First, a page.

Cresson de Vigne
If you have gardened chances are you have come across Cresson de Vigne (or Bittercress or Cardamine), considered by most to be a weed.
It's other name is Hairy Bittercress which is misleading, as it is neither hairy nor bitter. Bittercress tastes very much like watercress, only sweeter!
It voluntarily pops up nearly anywhere, and grows particularly well in forested areas, as well as in garden pots. In my garden it is most tender in Spring and Fall.
I garden organically so I harvest and prepare Bittercress, (or pull and discard what we will not eat before the seeds form), rather than using herbicides.
Here are some photos of parts of the plant; perhaps you may recognize it?
The following three photos are from
The Michigan State University Extension website:
A rosette of a Cardamine
I like to harvest the plants when they are about 3 to 4 inch
in diameter. Before they have a chance to produce blossoms or seeds; they are also most tender and delicate at that size.
The seeds actually 'explode' from the plant when barely brushed, or blown by the wind. And they sting if they happen to land in your eye. I try to pull and discard the plants before they reach this stage of maturity.
Bittercresses are in the cabbage (or cress) family which was, until recently, known as the Cruciferae. The name is derived from the Latin word "crux", meaning a cross, and refers to the “cross-shaped” arrangement of the four petals in each flower. (The more favored family name now is Brassicaceae, of the Mustard family)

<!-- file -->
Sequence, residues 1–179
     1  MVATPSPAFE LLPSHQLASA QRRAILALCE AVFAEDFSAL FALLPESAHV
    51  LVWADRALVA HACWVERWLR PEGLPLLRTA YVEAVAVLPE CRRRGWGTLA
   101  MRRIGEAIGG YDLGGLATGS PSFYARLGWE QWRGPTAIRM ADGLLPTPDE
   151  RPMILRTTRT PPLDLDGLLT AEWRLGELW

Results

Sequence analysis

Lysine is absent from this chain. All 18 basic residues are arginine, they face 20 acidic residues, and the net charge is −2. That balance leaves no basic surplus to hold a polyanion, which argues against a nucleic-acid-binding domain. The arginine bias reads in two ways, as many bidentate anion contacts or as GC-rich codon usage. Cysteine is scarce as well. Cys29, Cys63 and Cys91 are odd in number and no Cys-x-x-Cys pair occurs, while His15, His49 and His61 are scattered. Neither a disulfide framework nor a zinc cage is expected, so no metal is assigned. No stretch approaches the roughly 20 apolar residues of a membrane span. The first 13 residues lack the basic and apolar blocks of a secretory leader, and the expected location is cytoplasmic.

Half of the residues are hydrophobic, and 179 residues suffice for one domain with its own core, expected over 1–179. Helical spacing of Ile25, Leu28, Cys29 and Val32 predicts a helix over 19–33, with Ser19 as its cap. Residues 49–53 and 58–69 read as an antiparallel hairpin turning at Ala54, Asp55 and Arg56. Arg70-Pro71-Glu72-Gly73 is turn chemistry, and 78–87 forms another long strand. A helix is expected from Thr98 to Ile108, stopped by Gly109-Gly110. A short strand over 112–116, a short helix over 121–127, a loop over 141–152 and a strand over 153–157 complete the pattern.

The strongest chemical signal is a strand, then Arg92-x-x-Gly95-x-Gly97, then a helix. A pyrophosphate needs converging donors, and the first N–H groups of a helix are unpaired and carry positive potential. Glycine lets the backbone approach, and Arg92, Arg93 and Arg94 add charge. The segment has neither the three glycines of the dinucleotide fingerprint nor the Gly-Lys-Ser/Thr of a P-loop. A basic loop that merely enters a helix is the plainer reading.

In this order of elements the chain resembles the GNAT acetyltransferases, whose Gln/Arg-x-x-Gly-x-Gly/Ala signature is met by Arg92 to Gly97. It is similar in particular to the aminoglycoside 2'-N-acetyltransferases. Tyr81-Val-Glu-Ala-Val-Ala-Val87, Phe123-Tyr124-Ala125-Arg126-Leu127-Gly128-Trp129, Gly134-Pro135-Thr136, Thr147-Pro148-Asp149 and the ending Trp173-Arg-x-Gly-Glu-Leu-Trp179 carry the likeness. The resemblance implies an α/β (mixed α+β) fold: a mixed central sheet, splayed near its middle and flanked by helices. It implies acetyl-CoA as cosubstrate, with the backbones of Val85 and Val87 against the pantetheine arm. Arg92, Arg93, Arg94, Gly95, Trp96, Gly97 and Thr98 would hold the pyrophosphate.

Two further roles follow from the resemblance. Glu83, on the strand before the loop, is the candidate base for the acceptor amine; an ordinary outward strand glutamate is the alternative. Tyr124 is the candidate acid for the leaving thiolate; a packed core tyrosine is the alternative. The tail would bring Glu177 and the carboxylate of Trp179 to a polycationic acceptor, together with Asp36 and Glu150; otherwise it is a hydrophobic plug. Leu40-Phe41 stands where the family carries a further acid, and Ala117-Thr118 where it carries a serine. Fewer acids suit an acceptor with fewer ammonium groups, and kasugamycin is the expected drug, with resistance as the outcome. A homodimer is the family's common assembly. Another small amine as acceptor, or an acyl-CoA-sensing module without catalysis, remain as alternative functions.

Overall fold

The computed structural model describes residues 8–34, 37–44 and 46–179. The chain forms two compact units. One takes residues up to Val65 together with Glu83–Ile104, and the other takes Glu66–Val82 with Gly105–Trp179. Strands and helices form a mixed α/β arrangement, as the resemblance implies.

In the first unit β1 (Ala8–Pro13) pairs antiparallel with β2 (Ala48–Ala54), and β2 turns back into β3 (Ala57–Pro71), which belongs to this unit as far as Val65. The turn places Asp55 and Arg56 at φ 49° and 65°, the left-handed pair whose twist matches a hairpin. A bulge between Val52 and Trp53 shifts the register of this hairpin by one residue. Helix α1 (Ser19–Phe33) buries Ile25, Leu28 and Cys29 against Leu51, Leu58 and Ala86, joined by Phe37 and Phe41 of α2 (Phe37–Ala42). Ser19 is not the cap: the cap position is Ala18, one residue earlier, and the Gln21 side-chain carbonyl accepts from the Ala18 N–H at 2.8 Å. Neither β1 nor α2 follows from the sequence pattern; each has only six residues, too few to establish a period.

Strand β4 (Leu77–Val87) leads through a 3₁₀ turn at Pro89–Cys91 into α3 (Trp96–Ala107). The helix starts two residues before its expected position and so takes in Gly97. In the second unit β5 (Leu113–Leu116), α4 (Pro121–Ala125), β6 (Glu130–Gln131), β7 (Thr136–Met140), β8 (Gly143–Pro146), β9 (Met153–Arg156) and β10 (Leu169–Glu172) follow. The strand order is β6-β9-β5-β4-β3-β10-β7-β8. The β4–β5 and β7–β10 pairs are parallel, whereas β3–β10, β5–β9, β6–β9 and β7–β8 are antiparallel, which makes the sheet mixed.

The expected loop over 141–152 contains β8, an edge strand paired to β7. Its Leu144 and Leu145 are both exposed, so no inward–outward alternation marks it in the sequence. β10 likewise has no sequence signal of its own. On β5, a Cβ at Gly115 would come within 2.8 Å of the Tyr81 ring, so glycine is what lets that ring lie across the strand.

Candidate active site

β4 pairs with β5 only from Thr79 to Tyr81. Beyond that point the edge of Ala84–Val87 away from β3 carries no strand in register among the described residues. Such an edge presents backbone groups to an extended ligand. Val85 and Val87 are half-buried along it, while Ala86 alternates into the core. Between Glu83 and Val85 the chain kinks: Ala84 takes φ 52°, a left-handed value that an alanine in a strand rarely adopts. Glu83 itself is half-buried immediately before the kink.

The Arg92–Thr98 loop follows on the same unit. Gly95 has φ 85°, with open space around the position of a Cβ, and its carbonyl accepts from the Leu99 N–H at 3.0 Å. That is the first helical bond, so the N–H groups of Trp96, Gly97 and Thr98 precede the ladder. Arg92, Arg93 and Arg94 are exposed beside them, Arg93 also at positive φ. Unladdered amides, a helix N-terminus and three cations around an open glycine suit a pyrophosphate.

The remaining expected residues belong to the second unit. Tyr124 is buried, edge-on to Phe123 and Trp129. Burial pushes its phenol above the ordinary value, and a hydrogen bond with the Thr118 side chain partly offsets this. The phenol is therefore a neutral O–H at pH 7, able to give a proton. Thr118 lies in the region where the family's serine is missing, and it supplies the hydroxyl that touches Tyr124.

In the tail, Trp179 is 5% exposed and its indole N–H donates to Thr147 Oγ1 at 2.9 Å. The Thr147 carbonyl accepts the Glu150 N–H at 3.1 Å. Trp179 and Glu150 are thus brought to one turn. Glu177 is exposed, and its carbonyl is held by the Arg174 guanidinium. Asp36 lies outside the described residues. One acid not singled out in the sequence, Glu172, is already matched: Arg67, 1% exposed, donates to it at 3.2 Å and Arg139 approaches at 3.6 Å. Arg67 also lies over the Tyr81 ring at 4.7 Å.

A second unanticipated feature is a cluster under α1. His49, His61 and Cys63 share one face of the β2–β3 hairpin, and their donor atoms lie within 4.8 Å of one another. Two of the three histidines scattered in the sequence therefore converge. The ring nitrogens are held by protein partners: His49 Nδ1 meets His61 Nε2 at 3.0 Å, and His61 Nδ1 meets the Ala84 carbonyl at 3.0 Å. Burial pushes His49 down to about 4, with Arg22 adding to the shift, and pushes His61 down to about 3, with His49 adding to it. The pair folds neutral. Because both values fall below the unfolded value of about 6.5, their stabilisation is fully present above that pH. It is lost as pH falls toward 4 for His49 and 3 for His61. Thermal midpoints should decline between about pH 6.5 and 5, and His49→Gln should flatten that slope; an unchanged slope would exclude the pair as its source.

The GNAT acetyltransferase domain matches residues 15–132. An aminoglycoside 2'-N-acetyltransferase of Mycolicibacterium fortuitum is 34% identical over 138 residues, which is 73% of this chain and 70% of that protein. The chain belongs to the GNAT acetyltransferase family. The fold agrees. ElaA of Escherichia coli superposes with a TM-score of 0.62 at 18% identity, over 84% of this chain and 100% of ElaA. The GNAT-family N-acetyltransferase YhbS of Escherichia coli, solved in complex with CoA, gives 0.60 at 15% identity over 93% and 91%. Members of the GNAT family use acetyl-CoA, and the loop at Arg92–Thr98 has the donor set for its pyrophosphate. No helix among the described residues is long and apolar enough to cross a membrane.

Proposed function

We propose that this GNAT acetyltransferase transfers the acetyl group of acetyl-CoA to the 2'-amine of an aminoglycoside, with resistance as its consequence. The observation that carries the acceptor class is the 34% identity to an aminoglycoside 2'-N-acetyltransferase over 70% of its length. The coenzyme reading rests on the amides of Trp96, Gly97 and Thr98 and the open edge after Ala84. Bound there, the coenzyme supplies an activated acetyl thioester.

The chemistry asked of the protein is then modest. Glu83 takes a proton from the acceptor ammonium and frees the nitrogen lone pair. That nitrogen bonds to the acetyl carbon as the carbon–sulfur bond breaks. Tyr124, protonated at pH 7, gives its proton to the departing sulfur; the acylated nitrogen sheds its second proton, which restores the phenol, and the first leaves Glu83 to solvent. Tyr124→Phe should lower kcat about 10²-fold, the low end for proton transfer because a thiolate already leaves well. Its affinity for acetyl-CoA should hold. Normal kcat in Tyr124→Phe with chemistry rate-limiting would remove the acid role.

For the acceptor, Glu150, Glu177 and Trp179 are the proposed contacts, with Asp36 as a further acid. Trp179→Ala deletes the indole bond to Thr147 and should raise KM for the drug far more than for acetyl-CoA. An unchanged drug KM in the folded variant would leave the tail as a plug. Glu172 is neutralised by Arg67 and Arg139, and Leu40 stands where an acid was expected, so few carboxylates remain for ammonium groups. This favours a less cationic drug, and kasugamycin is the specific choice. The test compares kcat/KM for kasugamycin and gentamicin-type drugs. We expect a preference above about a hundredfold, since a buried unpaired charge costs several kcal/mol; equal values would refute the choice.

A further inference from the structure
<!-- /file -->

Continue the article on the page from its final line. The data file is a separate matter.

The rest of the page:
It is one of the first plants to bloom in the spring which makes it invaluable to bees; the gardeners friends.
If you have a chance to try Bittercress, I believe you may like it. When in season it commands a fair price at French Farmers Markets.
But whether you can find (or choose to eat) Bittercress or not, this is a delicious vinagrette; it's delicious on a variety of young lettuce leaves.
It's best made shortly before serving, and used within a day or two. For the salad last night I added a couple of cubes of marinated Blue Cheese with Juniper Berries and Pink Peppercorns.
1 sweet-tart apple, peeled and shredded
A sweet-tart apple works best here; Honeygold or Gingergold
2/3 cup Champagne vinegar
1 1/2 teaspoons fresh ginger, very finely chopped
1 teaspoon lemon zest
1 tablespoon lemon juice
¼ teaspoon ground black pepper
½ teaspoon salt
2 1/4 cups light olive oil (I use quite a bit less, it's your choice, add to your own taste.)
Combine all ingredients in a jar and shake until the dressing is well blended. Or, you can vigorously whisk the ingredients in a small bowl until they are completely incorporated.